10 April 2002

UK flight chaos after computer failure

A computer failure today at a key air traffic control centre, the second in recent weeks,
caused chaos at UK airports.

The failure, at about 6am, at the West Drayton centre in west London, meant that flight data
normally produced electronically had to be prepared by hand.

"There will inevitably be flight delays," said a spokesman for National Air Traffic Services.

A spokesman for Stansted airport in Essex said: "We are experiencing delays, although some flights are on time. It's a similar air traffic control problem to the one we had a couple of
weeks ago."

A spokesman for Heathrow airport said: "A problem with NATC computers in West Drayton just before 7am meant they had to go on to some sort of manual process.

"This has had a knock-on effect and we are experiencing a handful of delays on departures of up to two hours on both long-haul and domestic flights. Heathrow is still open."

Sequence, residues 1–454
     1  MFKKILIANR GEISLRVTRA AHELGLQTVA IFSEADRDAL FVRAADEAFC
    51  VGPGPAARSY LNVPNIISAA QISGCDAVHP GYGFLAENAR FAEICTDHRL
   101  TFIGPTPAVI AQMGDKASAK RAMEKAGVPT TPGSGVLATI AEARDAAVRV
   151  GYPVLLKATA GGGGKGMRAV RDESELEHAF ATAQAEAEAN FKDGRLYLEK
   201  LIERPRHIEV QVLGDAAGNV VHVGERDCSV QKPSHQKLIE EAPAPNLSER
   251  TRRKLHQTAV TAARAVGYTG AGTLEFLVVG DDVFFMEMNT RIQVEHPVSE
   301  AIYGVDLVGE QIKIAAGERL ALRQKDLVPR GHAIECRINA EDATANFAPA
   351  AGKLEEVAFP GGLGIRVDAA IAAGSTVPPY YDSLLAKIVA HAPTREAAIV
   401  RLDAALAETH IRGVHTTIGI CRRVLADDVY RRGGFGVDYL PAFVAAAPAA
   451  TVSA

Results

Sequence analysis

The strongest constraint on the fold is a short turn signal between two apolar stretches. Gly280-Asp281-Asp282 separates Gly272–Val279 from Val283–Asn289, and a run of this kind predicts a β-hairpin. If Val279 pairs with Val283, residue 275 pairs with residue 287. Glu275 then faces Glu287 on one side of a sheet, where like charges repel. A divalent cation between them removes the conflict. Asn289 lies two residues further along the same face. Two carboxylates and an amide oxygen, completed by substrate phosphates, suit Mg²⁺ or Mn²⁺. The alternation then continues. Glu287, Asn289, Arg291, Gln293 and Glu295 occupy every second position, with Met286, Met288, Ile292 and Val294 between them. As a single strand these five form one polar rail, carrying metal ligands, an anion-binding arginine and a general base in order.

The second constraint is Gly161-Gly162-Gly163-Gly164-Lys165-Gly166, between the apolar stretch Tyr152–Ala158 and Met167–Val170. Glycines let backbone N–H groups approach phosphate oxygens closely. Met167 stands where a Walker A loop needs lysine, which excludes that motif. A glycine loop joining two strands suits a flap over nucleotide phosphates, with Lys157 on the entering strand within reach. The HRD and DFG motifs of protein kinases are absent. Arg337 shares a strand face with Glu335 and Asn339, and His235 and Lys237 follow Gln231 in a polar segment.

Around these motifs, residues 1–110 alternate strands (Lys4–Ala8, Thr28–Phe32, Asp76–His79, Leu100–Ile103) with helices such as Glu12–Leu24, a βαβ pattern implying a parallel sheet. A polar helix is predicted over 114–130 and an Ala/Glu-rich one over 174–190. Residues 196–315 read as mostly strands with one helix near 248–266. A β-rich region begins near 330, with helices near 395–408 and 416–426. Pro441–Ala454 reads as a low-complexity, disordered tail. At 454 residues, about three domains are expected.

The majority of flights at Manchester airport were grounded from just before 7am. Passengers faced delays of up to three hours, said an airport spokeswoman.

"All our domestic flights to the south of England have been affected along with international
flights," she said.

"Westbound flights are OK but the majority of flights are affected, and planes are waiting for
new slot times, which we anticipate to be between 9.30am and 10am. Most flights are not taking off at the moment."

A spokesman at Gatwick said the computer failure had briefly affected flights leaving the airport, but had not caused significant delays.

"We have had no major disruption. If it had been on a heavy weekend then we might have noticed it, but it did not cause problems," he said.

Today's problem follows a similar incident at West Drayton just before Easter, when a computer failure led to flight delays and cancellations.

These incidents are a further setback for the newly-privatised National Air Traffic Services
(Nats) which has had to receive a £30 million bail-out from the Government after running into
financial difficulties following the events of 11 September.

A group of seven airlines, including British Airways and Virgin Atlantic, has taken a 46 per
cent stake in Nats. Yesterday, one of these partner airlines, low-cost carrier easyJet, said it was considering writing off its investment.